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Chipmunk on High Alert

The chipmunks are busy cleaning up all the maple seeds from the driveway, but, being chipmunks, they like to stay near a safe spot.

The absolute best spot to watch for danger seems to be the 4-inch PVC pipe I attached to the garage downspouts: you can see out, but when a threat appears you can run up the downspout!

[Update: the Cooper’s Hawk just swooped on a red squirrel, missed, and landed on the patio railing as the rodent vanished up the pipe.]

Chipmunk peering from drainpipe

Chipmunk peering from drainpipe

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  1. #1 by randomdreams on 2010-06-02 - 13:21

    My grandmother has a huge flower garden and a problem with ground squirrels that eat all the flowers. We noticed that they ran into the culverts and downspouts she’s used as an irrigation control system so we took to putting live-catch traps on one end of the tubes and stampeding the squirrels, who would run into the spouts, then out the other side, and snap! off they go to relocation.
    This is in Leadville, at about 11,000 feet above sea level, where there aren’t anywhere nearly enough predators, unfortunately. I cheer for the few hawks and ferrets that can manage to survive up there.

    • #2 by Ed on 2010-06-02 - 16:14

      off they go to relocation

      And they get back just about the same time you do …

      I cheer for the few hawks

      They seem to have marginal payload capacity even near sea level; I can’t imagine how they’d haul off a dead tree rat at that altitude.

      We watched a hawk take out a squirrel in a pine tree a few months ago. The hawk and tree rat circled the trunk several times, until the bird got a clear shot and then it was all over.

      Go, hawks, go!

      • #3 by randomdreams on 2010-06-03 - 01:25

        >>off they go to relocation

        >And they get back just about the same time you do …

        Well, granddad relocated them to the bottom of a local lake. I relocate them across the Arkansas River (which isn’t really saying much since at this point it’s about 12 cm deep and maybe 3m wide.)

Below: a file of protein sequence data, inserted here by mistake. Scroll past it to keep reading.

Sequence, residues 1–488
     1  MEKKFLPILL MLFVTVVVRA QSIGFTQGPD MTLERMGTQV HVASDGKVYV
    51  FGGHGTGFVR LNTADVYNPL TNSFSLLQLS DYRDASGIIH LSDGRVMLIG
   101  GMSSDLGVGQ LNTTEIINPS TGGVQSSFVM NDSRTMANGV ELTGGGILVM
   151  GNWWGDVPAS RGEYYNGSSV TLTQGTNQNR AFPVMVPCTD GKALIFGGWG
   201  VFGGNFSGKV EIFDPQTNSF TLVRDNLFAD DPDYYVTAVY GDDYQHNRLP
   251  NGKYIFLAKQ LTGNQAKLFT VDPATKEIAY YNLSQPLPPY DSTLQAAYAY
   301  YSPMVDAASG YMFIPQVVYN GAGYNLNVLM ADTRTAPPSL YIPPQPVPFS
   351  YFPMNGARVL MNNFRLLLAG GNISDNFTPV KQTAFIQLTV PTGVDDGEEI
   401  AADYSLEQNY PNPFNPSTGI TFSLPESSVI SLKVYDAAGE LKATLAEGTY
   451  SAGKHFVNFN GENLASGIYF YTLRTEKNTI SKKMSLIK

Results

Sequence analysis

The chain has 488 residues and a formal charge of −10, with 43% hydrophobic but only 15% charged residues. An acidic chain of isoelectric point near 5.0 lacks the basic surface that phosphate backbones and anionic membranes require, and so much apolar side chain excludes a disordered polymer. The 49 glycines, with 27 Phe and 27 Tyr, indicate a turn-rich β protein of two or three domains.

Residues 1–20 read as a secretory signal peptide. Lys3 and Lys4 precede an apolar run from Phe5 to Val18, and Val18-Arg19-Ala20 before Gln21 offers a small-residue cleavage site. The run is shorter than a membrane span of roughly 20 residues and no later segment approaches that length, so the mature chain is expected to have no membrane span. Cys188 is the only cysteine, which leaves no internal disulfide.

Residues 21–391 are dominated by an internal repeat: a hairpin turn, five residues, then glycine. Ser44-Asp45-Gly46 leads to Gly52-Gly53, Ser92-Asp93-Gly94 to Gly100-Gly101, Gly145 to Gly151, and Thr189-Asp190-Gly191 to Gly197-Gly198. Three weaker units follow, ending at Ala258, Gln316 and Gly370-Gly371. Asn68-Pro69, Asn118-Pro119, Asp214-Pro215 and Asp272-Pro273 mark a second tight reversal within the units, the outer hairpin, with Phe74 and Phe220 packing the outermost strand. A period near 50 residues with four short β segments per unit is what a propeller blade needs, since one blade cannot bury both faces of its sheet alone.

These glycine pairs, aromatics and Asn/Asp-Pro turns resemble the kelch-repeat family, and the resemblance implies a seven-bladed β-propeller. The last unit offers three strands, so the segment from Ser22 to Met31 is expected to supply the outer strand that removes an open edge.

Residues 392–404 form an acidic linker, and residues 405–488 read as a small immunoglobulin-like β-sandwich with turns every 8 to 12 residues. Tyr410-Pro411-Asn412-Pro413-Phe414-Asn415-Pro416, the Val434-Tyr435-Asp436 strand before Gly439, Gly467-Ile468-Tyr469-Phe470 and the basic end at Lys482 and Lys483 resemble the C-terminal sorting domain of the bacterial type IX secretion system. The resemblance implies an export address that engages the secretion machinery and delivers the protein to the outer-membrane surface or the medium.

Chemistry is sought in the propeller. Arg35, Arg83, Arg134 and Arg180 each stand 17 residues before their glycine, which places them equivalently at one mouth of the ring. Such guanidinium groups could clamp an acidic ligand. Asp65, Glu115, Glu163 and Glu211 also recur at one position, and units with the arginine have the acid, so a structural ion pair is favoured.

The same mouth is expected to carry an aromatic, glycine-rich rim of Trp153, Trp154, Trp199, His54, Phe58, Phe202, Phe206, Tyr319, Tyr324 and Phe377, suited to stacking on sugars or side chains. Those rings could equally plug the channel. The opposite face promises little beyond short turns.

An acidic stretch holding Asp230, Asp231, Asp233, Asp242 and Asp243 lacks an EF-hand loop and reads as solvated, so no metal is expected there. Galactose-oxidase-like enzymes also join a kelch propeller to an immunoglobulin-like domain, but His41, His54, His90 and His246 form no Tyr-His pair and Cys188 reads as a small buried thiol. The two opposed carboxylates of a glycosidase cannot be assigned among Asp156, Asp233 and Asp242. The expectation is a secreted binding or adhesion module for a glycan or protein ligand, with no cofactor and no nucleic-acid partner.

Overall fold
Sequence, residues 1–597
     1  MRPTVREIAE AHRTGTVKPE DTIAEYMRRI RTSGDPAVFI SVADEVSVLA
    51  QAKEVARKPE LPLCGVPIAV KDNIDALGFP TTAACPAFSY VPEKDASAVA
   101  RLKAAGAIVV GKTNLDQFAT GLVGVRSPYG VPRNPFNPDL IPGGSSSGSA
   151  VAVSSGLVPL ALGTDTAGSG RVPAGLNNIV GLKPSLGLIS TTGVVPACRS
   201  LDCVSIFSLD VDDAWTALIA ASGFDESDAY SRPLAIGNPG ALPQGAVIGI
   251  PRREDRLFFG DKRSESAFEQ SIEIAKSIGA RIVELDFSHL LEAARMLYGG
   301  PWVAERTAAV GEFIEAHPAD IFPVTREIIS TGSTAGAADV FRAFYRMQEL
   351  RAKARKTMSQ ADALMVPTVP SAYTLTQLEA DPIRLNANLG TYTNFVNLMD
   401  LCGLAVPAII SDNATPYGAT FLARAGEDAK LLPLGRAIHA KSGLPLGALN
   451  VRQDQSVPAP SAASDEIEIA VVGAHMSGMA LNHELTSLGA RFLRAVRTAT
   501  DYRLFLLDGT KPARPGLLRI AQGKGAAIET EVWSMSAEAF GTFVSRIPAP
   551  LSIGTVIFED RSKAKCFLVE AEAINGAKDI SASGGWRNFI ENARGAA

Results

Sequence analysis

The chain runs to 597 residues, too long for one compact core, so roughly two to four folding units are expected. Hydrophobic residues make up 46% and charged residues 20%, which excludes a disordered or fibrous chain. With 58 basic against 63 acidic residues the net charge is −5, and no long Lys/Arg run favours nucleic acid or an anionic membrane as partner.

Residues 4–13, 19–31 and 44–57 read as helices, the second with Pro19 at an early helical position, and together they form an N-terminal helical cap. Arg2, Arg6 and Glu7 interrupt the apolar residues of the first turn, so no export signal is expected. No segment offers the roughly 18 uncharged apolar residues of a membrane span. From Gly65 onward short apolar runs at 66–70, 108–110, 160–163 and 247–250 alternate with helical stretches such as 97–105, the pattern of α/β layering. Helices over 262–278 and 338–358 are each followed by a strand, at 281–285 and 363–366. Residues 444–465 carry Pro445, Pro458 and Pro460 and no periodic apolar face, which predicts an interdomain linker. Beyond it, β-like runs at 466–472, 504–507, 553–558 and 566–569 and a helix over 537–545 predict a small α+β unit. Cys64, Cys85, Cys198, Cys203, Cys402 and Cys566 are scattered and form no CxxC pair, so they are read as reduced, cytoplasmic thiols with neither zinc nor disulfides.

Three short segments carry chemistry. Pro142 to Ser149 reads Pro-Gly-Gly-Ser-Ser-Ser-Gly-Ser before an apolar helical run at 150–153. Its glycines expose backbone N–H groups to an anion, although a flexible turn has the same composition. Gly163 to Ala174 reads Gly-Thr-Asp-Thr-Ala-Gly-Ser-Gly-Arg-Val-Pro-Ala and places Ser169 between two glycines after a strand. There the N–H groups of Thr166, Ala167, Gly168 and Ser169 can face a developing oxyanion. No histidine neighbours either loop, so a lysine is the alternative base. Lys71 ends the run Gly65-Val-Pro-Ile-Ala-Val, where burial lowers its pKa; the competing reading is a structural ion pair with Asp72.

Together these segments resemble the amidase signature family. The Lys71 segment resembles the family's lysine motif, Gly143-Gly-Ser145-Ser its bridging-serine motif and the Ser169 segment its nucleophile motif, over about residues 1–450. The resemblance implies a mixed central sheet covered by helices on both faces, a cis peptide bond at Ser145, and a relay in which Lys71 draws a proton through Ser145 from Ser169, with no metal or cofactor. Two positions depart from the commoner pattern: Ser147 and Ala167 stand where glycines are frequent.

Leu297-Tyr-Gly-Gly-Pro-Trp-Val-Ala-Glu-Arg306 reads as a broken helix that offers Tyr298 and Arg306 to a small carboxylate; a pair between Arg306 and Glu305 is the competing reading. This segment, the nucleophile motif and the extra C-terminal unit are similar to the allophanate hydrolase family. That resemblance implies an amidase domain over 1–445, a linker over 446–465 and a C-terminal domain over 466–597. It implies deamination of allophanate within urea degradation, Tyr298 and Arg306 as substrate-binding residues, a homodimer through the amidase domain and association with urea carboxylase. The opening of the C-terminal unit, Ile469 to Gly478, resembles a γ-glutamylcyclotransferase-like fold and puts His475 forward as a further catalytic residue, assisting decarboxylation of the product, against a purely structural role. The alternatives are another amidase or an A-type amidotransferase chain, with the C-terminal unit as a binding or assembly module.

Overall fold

I’ve read that airline pilots have seen vultures and hawks at upwards of 30,000 feet. The NTSB has a record of a hawk strike at 37,000 feet. But I sure don’t see hawks circling for hours up there like I do down here in the heavy-atmosphere lowlands at a mere 6000′ above sealevel.

        I was once privileged to see a flock of bald eagles (I had no idea! but there were 12 of them, or thereabouts) completely obliterate a prairie dog colony over a period of a couple of hours. It was awesome. There was one big tree, with all these HUGE BIRDS in the top, and the lower branches were filled with these tiny birds — well, okay, they were crows and magpies, but they looked like chickadees in comparison — who were grabbing all the meaty bits the eagles were letting drop, and ever few minutes or so an eagle would drop out of the tree and *wham*. Goldens are much better hunters, but these prairie dogs were living in the middle of the suburbs and had totally forgotten the concept of fear.

        • #4 by Ed on 2010-06-03 - 07:12

          at this point it’s about 12 cm deep and maybe 3m wide

          I’ve been idly considering a critter cannon along the lines of a spud gun with a discarding sabot that would fire rodents across the Mighty Wappingers Creek at the back of our property into the fields formerly known as Red Oaks Mill Farm. The creek is sufficiently wide & deep that they’d settle down over there just fine, methinks, if they survived the reentry buffeting…

          • #5 by randomdreams on 2010-06-03 - 13:14

            That is the most awesome idea I’ve heard in months. Nice wide chunk of sched-40 PVC, breech-loading… you know what, hawks are not stupid. I wonder if you spent the time chucking chipmunks up at them, they’d actually learn to recognize when you came out and snag them out of the air.

            “Oh, that? It’s my squirrel gun. Yeah, it’s kind of large. Big squirrels, you know.”

            Oh man I’m going to be grinning all day at that mental image.

            • #6 by Ed on 2010-06-03 - 14:43

              How about a Marmot Mortar?

              Join it up with a live trap and you’ve got an auto-loader … this concept has legs!

  2. #7 by CircuitGizmo on 2010-06-04 - 16:09

    “Oh, that? It’s my squirrel gun. Yeah, it’s kind of large. Big squirrels, you know.”

    “Join it up with a live trap and you’ve got an auto-loader”

    I nearly wet myself laughing. This has to be done! HAS to be!

    • #8 by CircuitGizmo on 2010-06-04 - 16:13

      Ed: “I have a semi-automatic squirrel shooter.”

      Bystander: “Oh? What ammo does it take? .22?”

      Ed: “Pay close attention. I’ll tell you one more time…”

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